..and the article suggested it's what happens when you dump a bunch of potato famine wretches in London to scrape and scratch for a living in Social Darwinist era Victorian England.

And I thought, my god.. it could be a description of Boston.

Also. too... Australia.

Definitely some traits that survive from Hiberno-English

in the Boston accent, like "youse / yiz" as the plural of "you", and the occasional "d" substitution for initial "th" sounds (shared with but used more aggressively in the NYC accent in the famous "dis / dem / dese / dose").

Don't ask me where "So don't I" for "So do I" came from.

I'd argue for the NYC accent as the American Cockney: it has the larger population of speakers, is centered in the country's largest city, and is more stereotypically recognized in popular culture as a signifier of working-class, no-bullshit, tough-guy bravado. Thanks to the recent spate of Boston-centric film and TV entertainments, and the greater prominence of the stereotypical Masshole sports fan accompanying our recent cluster of Big Four sports championships, we've closed that gap a little bit.

Boston and NYC similarities

By on

I've never put "youse" in the Wicked Good Guide to Boston English because it's something New Yorkers, well, Brooklynites at least, used to say.

"Pockabook" and "sneakas" are two other words both cities share (my Midwestern wife used to refer to "tennis shoes," which, as we East Coasters know, are just a kind of sneakas worn by people who carry rackets and wear white shorts).

"Water" is pronounced the same in both places, although, yes, only Nooyawkas drink cawfee and stand on line (I've mostly lost my accent, but after all these years, I still get tripped up when referring to waiting for a teller at the bank).

Our Rozzie born and bred daughter does not have a local accent, except for when it comes to my sisters. You know, her "ahnts."


Some of my cousins, who lived in a West of Chicago ethnic suburb, used "youse" -- as in (said us to us then-Okies), "Youse guys sure talk funny".

I've never put "youse" in the

I've never put "youse" in the Wicked Good Guide to Boston English because it's something New Yorkers, well, Brooklynites at least, used to say.

I've heard "youse" from Western Massholes (very far West, like Lee) and "yiz" from Connecticutites (who "don't have an accent", according to my dear wife) but I've never heard anything like it around Boston.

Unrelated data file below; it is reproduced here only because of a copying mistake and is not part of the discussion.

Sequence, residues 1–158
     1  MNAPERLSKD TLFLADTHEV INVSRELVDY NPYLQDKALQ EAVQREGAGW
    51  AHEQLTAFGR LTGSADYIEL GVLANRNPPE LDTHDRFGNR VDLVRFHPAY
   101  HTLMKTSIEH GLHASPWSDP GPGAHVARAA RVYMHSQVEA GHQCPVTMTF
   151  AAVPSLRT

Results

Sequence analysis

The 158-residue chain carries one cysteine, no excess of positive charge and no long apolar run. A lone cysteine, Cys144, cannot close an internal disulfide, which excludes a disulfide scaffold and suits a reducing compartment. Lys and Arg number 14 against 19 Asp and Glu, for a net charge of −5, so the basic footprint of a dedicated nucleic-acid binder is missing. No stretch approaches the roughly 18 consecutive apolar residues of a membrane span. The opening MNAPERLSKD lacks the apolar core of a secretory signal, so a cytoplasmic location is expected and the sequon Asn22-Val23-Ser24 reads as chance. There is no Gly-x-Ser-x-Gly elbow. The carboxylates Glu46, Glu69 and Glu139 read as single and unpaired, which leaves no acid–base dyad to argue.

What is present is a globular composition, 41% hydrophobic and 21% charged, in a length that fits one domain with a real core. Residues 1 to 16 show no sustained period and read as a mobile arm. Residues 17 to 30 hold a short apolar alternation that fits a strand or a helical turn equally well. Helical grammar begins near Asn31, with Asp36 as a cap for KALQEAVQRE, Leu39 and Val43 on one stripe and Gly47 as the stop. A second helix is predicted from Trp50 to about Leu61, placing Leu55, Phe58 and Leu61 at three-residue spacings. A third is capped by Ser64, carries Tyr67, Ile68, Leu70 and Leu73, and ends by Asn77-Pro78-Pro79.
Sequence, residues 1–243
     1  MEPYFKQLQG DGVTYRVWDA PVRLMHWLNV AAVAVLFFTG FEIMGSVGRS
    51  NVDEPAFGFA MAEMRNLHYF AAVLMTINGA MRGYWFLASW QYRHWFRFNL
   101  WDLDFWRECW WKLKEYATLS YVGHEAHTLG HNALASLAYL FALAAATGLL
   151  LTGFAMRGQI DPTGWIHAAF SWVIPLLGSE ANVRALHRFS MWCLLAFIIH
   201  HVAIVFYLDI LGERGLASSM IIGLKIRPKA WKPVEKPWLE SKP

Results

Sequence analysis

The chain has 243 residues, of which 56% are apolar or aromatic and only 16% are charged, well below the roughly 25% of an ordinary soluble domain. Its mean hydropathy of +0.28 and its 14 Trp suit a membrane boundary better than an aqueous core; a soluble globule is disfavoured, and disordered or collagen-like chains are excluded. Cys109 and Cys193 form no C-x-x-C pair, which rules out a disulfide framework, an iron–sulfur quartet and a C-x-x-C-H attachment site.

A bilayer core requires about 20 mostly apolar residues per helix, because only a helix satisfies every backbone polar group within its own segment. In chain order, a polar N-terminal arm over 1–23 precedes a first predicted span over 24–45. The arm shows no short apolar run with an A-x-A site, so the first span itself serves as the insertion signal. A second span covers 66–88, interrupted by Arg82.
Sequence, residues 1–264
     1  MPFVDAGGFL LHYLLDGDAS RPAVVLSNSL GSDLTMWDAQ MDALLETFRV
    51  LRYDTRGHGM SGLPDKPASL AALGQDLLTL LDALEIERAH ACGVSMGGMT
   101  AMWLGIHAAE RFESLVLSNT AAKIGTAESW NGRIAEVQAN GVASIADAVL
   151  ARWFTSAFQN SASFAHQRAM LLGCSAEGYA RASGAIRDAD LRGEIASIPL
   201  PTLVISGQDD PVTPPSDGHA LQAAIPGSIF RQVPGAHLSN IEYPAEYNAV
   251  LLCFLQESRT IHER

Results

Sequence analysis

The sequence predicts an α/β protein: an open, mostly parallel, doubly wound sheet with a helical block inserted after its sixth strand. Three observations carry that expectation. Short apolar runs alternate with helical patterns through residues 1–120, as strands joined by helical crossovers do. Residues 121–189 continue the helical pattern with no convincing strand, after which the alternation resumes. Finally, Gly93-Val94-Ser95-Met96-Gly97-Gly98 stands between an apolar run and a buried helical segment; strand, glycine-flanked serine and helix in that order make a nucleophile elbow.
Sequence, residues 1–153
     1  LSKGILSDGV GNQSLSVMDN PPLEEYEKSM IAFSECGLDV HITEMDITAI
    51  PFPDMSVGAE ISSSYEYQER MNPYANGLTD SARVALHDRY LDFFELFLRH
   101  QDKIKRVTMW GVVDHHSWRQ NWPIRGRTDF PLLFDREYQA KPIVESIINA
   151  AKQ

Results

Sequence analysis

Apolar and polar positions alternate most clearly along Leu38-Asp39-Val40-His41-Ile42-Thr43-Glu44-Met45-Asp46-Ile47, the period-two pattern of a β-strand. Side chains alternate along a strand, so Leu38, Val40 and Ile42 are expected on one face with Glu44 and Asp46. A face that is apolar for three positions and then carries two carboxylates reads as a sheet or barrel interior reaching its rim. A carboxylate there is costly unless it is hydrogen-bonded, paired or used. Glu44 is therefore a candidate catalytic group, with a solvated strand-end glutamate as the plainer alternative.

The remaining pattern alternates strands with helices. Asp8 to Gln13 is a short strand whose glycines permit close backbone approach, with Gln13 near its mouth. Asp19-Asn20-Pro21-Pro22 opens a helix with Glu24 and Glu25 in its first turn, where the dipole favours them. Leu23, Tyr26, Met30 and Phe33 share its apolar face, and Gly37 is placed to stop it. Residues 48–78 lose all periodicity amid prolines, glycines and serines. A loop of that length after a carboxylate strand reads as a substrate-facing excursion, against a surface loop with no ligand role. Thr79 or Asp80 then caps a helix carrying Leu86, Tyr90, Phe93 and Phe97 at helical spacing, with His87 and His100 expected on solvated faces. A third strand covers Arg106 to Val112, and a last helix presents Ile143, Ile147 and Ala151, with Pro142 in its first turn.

Specific to Somerville, maybe?

My Somerville-native college pal and Somerville-native onetime boss both used "youse" and "yiz" interchangeably, including in phrases like "youse guys", "yiz" in more rapid speech. It struck me as directly analogous to (and possibly descended from) the Irish English "you" and "yiz", 2nd-person singular and plural pronouns.

Youse guys are wrong

By on

About 20 years ago I worked with a bunch of guys from Southie. They used "youse" and "youse guys" all the time.

Maybe it depends how old you are Scratchie

By on

I''m 60 and I can remember youse, youse guys, yiz, and yiz guys were used quite extensively in Dorchester, East Boston, South Boston, and Quincy. But I don't hear it anymore these days.

"Yiz" is used in parts of the

By on

"Yiz" is used in parts of the city.
For instance Southie: "what are yiz doin? Yiz wanna go down PS and get a bucket?"

Excellent Quiz: where is your dialect/accent from?

This is really awesome and uncanny at times, as it runs as much off of pronunciation as it does word usage (e.g. shopping cart or carriage?). It put my husband rather diffusely in the Northeast/New England (correct - Northeast, but non-local), sent me back to the Palouse, and pegged my younger son squarely in the Boston arear. It put my older son in metropolitan areas of California ... but he's very non-local in his accent, as are people who came from all over the country to settle there.

Rhyming slang is only one

Rhyming slang is only one aspect of the Cockney accent. I think the comparison with the NY accent as "universally-recognized signifier of working-class origin" is pretty accurate.

There is all manner of slang rhyme here.

By on

From the old Kevin O'keefe helicopter traffic reports we had Jam and Cram, mope and hope, stall and crawl and the ever present gawker blocker.

Similar usages and patterns may be found if you know where to listen.

I seem to recall the old melodramatic Celtics sports announcer Johnny Most had his own elaborate rhyming lexicography.

Those people may all be dying off but it did exist.

Interesting MA affectation...

By on

I moved here from southern CT about 25 years ago and noticed how people from Boston suburbs use the negative when they mean the positive. As in, "Steve is going to the game and so aren't I" or "Steve is going to the game and so isn't Mary." And I never thought I had an accent until I went back home for the first time after living in Boston for a while. But there is sort of a hard "r" thing where I'm from that I never noticed before and still notice every time I go back.

I don't really find that to

I don't really find that to be the case, though. I find the dropped "r's" to be a lot more common than the extra "r's" ("idear", "Cuber"), and a lot of people have one but not the other. And I've never heard anyone add an "R" in the middle of a word like "Mr. Spark".

oh yeah...

By on

...I do that to double t's also.

The missing t

By on

That "missing t" speech pattern is one of the most annoying. It's not just that the "t" is missing in the middle of a word, like "mountain" being pronounced something like "mow-in", there is an almost inaudible "glug" type sound in teh throat that goes where the "t" should be. This happens with the "t" at the end of a word also. Like "what" being pronounced "wha" with a sort of soft exhale at the end. I'm not sure what the technical term for this is, but I call it "glottal stop where the t should be".


By on

isn't that far away from New-en and New-en Kahnah


By on

Was this about the Wahlberg brother who was a chemistry teacher that got cancer and had to resort to manufacturing methampetamine? Or were they just trying to capitalize on a hot commodity? also, hi Slim and Cappy! Yelp misses you!